Rejecting an insurer’s attempt to block confirmation of its insured’s bankruptcy plan, the Fourth Circuit found that an insurer cannot interpose itself into plan negotiations by invoking a duty to cooperate, or standing to object to the insurer’s “insurance neutrality.” Bankruptcy Plan.
- An insured’s duty to cooperate under a liability insurance policy is limited to “customary litigation proceedings” and does not entitle an insured to participate in Chapter 11 plan negotiations.
- A bankruptcy plan is “insurance neutral” if it does not impair a liability insurer’s pre-bankruptcy rights or increase its pre-bankruptcy obligations under a liability insurance policy.
- Insurers do not have standing to object to uninsured restructuring plans.
inside In the truck. Exch. v. Kaiser Gypsum Co. (Re Kaiser Gypsum Co., 60 F.4th 73 (4th Cir. 2023), the U.S. Court of Appeals for the Fourth Circuit found that an insured’s duty to cooperate under its general liability insurance policy required the insured to aid and cooperate in litigation-related defenses, The insurer’s asbestos bankruptcy does not give its insurer the right to negotiate the terms of its Chapter 11 plan because the duty to cooperate is limited to “traditional litigation proceedings.” The Fourth Circuit also found that the insurer was not a “party in interest” and lacked standing to object to the plan because, without prejudice to the insurer’s rights and obligations under the policy, the plan was “insurance neutral.”
In 2016, Kaiser Gypsum Company, Inc. and its affiliate Hanson Permanente Cement, Inc. (collectively, “Kaiser”) filed for bankruptcy to address its environmental and asbestos-related tort liabilities. At the time of the filing, Kaiser was named as a defendant in nearly 14,000 asbestos-related lawsuits in state courts across the country.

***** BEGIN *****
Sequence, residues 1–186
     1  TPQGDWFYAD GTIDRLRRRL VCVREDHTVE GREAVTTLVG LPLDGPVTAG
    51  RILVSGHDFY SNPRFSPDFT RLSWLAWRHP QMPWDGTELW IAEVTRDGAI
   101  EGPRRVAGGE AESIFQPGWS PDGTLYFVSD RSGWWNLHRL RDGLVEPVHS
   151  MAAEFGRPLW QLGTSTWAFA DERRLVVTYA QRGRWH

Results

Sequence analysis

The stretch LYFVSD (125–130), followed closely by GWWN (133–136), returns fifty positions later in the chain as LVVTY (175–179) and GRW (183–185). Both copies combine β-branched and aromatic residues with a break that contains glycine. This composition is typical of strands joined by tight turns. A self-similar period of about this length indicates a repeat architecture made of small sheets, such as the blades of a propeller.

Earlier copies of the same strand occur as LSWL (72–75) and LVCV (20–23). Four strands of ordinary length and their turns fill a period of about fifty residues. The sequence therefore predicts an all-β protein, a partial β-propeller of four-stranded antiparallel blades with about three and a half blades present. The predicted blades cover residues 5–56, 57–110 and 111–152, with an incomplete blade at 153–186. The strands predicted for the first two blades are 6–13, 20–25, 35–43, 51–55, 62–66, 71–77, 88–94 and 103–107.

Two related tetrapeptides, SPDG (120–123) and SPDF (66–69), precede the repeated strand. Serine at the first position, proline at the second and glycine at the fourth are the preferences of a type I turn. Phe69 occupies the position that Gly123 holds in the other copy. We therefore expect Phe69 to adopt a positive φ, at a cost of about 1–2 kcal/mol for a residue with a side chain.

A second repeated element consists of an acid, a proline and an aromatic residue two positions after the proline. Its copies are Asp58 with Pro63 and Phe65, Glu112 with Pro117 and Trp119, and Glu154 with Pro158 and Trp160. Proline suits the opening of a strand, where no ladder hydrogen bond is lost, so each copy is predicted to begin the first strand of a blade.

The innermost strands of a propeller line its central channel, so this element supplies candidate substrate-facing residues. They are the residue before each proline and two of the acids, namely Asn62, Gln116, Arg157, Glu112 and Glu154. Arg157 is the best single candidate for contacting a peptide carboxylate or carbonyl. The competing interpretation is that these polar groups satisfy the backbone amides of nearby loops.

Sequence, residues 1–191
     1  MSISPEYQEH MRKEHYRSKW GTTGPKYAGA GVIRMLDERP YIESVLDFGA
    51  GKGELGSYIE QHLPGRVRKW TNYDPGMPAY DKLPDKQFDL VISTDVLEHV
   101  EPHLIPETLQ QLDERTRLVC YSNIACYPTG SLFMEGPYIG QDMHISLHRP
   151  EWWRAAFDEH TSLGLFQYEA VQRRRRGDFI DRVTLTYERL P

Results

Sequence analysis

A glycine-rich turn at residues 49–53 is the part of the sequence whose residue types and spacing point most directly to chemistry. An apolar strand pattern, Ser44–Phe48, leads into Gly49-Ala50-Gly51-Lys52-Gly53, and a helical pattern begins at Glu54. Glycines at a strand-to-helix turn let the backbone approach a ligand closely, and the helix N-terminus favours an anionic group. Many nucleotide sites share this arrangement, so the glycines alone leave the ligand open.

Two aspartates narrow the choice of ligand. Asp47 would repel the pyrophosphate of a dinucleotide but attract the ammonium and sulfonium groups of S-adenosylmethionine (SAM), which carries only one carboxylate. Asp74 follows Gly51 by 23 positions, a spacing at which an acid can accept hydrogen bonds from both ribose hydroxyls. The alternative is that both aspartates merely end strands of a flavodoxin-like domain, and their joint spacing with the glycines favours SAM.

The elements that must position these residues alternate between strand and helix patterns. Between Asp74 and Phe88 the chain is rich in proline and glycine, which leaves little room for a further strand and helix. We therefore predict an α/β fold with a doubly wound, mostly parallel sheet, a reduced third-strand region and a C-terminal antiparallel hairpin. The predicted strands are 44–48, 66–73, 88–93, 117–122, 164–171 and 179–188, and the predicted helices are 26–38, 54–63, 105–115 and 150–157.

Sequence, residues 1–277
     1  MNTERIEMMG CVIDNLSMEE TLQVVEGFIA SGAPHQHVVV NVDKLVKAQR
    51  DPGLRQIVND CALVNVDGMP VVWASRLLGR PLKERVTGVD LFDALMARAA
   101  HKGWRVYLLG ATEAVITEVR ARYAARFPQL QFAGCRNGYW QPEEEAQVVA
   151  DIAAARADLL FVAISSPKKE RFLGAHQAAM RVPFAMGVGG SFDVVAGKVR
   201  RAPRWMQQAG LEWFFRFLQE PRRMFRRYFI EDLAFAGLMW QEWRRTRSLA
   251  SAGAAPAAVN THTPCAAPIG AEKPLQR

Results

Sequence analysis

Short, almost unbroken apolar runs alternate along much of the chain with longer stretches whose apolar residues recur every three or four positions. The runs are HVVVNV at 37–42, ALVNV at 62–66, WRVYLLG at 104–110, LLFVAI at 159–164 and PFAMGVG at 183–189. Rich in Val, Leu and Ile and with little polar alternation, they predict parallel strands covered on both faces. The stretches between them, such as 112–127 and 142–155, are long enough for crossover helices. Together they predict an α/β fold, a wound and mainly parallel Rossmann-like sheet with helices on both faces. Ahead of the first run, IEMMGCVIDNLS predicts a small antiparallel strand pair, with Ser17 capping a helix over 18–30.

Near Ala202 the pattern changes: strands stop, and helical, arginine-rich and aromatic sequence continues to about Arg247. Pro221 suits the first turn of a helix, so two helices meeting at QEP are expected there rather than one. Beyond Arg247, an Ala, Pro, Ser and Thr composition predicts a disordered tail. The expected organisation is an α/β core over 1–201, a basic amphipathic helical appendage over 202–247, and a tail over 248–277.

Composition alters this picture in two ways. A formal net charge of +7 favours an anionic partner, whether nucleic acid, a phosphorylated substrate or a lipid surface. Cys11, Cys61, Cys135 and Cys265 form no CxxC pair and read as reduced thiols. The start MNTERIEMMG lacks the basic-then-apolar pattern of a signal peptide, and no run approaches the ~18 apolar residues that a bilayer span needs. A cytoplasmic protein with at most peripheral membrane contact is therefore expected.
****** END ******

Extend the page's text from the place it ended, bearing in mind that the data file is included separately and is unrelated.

Kaiser negotiated a largely consensual bankruptcy plan. The plan establishes a trust under US Bankruptcy Code section 524(g) — a special provision of the code designed for asbestos-related liabilities. The plan includes a “channeling order” under section 524(g) that prevents claimants from asserting their claims against Kaiser and instead directs current and future asbestos claimants to the trust. The Trust then assesses the claim according to a prohibited claims resolution procedure. The trust consists of a one-time $49 million cash contribution from Kaiser’s parent company, a five-year $1 million note issued by Kaiser, and the Truck Insurance Exchange (“ TRUCK ”).
Some of the asbestos claims filed against Kaiser were covered by the truck policy, while others were not. Under the plan, asbestos claims covered by the truck policy proceed against Kaiser in state court to collect the available insurance “in name only,” subject to a $500,000 per-claim cap under the policy. Notably, Truck’s rights to defend against parties claiming coverage under the policies were fully preserved under the Chapter 11 plan. Uncovered asbestos claims were referred directly to the Trust for assessment under the claims resolution procedure and were intended to limit payments to only valid claims, subject to mandatory disclosure and approval by claimants. Outside of the asbestos personal injury claim, the proposed plan would fully resolve all other unsecured outstanding liabilities, including any truck claims for Kaiser’s unpaid deductibles prior to bankruptcy.
Truck policies, which were in effect from 1965 to 1983, cover both defense and indemnity costs arising from asbestos personal injury claims, subject to certain exceptions. Under the policy, Truck is obligated to indemnify Kaiser (up to a per-claim cap of $500,000), with no aggregate limit. Instead, Kaiser pays a per-claim deductible of $5,000. Under the policy, Truck must investigate and defend each claim or lawsuit “even if [the] The claim or suit is baseless, false or fraudulent.”
In the district court, Truck objected to the plan on three main grounds. First, Truck argued that the plan was not offered in good faith because Kaiser did not extend the disclosure and authorization requirements to insured claims. Second, Truck objected to Kaiser’s request for a judicial declaration that Kaiser had not breached its aid and cooperation obligations or breached the implied covenant of good faith and fair dealing in connection with the bankruptcy plan negotiations. Third, Truck claimed that the proposed plan did not comply with section 524(g).